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When I qualified as a solicitor in 1984, lawyers were mostly concerned with advising clients and ensuring they billed for their time. Profitability was a given. But not anymore. The world has changed. The global financial crisis, technology, commoditisation and competition have disrupted the status quo for good and created a shift in social values. New business models, pricing strategies and powerful technologies are preoccupying law firms, leaving many, especially the smaller ones, asking “what does this mean for our business and what should we do about it?”
Business ideology is changing and so law firm leaders must change the way they think about managing their practices and planning their futures. Since 1984, law firms have evolved in a world of free market economics in which shareholder value was primary. As law firms emulated mainstream business and introduced management disciplines into their firms, profit also became the key driver; to this day, fees, profits per partner, and firm’s financial rankings are still regarded as the chief indicators of performance.
Yet, paradoxically, most lawyers would agree that making money has never been the primary purpose of a law firm, or indeed any business. As management guru Peter Drucker once observed, “profit for a business is like oxygen for a person. If you don’t have enough of it, you’re out of the game. But if you think your life is about breathing, you’re really missing something.” Even Jack Welch, renowned former CEO of General Electric, dismissed the concept of maximising shareholder value by describing it as “the dumbest idea in the world… (it) is a result, not a strategy… your main constituencies are your employees, your customers and your products.”
The message is clear: invest in your people, focus on your clients, improve your service(s) and the money will take care of itself. According to global HR consultants AON Hewitt, it pays to put people before profit. They suggest that the link between engagement and productivity is proven and that ‘best employers’ can expect up to 9% more profit per employee and double the revenue growth of other organisations.
Nevertheless, law firms still find it hard to manage a legal business without being ruled by the bottom line. Money is easy to measure.
Two recent surveys in the UK indicate that engagement is a major challenge for law firm leaders. The Law Consultancy Network’s recent ‘key issues 2017’ survey reports that recruitment and retention is still the number one challenge for law firms. The Law Society’s recent Career Satisfaction Report confirmed that performance management of people is ineffective in over 30% of firms, and that the millennial generation of employees has very different expectations than previous generations. High among them is the need to align their personal values with those of their employers, to have work-life balance, to have meaningful work, to have a voice and to be able to work flexibly. Competitive pay is a given, not a luxury.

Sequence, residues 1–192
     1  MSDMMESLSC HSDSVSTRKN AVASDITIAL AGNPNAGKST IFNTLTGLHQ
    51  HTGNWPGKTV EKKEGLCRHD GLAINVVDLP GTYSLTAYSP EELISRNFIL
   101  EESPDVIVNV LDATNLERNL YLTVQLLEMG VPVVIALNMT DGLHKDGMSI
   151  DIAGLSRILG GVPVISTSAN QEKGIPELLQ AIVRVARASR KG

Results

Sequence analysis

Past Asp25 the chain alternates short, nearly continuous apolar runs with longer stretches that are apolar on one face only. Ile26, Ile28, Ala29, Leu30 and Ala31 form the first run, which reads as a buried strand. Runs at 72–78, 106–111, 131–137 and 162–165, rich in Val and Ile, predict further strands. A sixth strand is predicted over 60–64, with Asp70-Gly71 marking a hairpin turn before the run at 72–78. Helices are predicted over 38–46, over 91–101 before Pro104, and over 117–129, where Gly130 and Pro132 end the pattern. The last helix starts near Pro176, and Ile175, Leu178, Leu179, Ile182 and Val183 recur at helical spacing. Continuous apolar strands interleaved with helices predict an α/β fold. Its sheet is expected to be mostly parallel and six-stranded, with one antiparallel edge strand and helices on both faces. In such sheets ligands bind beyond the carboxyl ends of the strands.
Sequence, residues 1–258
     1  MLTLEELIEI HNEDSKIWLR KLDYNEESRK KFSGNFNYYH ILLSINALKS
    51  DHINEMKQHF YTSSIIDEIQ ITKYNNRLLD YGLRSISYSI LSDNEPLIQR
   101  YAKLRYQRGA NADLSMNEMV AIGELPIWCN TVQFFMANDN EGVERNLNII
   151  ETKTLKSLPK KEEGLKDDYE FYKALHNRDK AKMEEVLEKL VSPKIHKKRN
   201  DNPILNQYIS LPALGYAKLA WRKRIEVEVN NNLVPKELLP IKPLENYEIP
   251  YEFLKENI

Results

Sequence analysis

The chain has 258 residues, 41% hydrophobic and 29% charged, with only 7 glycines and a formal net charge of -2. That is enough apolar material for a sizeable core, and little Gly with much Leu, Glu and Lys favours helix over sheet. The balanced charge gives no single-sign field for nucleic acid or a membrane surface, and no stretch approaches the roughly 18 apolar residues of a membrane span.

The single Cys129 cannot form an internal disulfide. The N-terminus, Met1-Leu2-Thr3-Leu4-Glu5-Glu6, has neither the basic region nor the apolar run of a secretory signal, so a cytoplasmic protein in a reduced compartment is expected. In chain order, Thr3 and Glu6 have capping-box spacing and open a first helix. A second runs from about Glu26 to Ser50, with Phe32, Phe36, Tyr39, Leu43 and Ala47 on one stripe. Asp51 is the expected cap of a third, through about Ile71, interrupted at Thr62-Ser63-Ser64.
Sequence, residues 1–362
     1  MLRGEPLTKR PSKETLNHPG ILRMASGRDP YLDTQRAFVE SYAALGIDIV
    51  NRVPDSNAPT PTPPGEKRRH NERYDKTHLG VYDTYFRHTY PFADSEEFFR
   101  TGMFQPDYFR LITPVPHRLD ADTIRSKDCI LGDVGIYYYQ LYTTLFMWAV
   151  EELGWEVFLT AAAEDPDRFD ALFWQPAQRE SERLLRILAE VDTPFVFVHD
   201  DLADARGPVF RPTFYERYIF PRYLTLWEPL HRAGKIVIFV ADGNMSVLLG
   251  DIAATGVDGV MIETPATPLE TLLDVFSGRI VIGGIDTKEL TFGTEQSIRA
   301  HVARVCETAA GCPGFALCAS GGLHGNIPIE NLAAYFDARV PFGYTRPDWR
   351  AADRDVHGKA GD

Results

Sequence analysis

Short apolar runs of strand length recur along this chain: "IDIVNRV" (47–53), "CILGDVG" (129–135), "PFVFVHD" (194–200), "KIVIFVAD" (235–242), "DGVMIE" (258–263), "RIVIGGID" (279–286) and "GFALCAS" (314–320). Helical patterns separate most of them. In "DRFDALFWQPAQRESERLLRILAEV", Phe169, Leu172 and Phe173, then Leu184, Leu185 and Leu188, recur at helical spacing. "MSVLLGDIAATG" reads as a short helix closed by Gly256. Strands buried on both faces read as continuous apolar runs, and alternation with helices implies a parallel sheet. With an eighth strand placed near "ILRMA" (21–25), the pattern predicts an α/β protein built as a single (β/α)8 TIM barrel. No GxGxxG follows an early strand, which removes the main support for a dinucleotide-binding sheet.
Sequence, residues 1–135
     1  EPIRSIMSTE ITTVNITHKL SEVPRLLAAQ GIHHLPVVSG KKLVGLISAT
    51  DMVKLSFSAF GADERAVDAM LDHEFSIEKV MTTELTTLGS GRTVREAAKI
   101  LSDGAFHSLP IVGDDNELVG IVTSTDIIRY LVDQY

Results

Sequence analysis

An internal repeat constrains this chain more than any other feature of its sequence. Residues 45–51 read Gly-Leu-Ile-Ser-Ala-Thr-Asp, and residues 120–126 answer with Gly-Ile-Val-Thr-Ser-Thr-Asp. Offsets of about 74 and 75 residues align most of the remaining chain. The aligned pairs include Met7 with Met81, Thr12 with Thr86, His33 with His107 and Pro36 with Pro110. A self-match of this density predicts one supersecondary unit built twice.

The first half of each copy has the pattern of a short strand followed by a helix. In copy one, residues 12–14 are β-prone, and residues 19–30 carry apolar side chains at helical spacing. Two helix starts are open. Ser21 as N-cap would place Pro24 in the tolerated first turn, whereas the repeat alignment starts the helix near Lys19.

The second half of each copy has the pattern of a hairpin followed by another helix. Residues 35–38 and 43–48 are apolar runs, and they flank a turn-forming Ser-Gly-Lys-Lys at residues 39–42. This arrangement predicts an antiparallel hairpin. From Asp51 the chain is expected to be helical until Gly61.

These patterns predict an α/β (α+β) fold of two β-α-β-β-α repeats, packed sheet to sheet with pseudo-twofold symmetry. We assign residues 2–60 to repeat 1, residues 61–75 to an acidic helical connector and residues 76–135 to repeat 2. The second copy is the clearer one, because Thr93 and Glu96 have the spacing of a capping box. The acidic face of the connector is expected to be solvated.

This is not a ‘tick the box’ exercise to be left to HR or the practice manager. It is today’s leadership challenge: creating a law firm in which all its people understand, and are committed to the firm’s purpose, direction and approach; a firm which is characterised by openness, trust, encouragement, learning, support, positivity and energy.
For law firms contemplating this approach, here are five initiatives to get your people on board:
Perceptions. Ask your people what they think about the firm, its leadership and invite suggestions for improvement.
Purpose. Articulate and communicate the firm’s purpose, vision and values to both existing employees and new recruits so as to reinforce the culture and integrity of the firm, and so that people understand more about the business, their role within it and the behaviours expected of them.
Place. Be sure to create a workspace which is a pleasure to work in and conducive to communication among the team. Consider the light, colour, furniture, layout and ‘feel’ of your place. Is it a place your team look forward to working in?
Professional development. Your employees want opportunities to progress, to learn and grow. Broaden the scope of your learning beyond tradition ‘CLE’ to include programmes in business, technology and communication.
Praise. Catch people doing good things, acknowledge them for their efforts, thank them and reward them appropriately. Some firms organise ‘away-day’ events such as a day at art school, cooking class or a mystery trip as a way of acknowledging contributions.
Historically, law firms have not been great at what they refer to as ‘people management’. Sceptics often regard it as ‘touchy-feely’. It isn’t. It’s actually hard to do, which is probably why relatively few firms have distinguished themselves in this field. With the wave of change affecting the profession, firms can no longer afford to turn a blind-eye. Those that dedicate time and effort into making their firms great places to work will stand out and benefit as a result.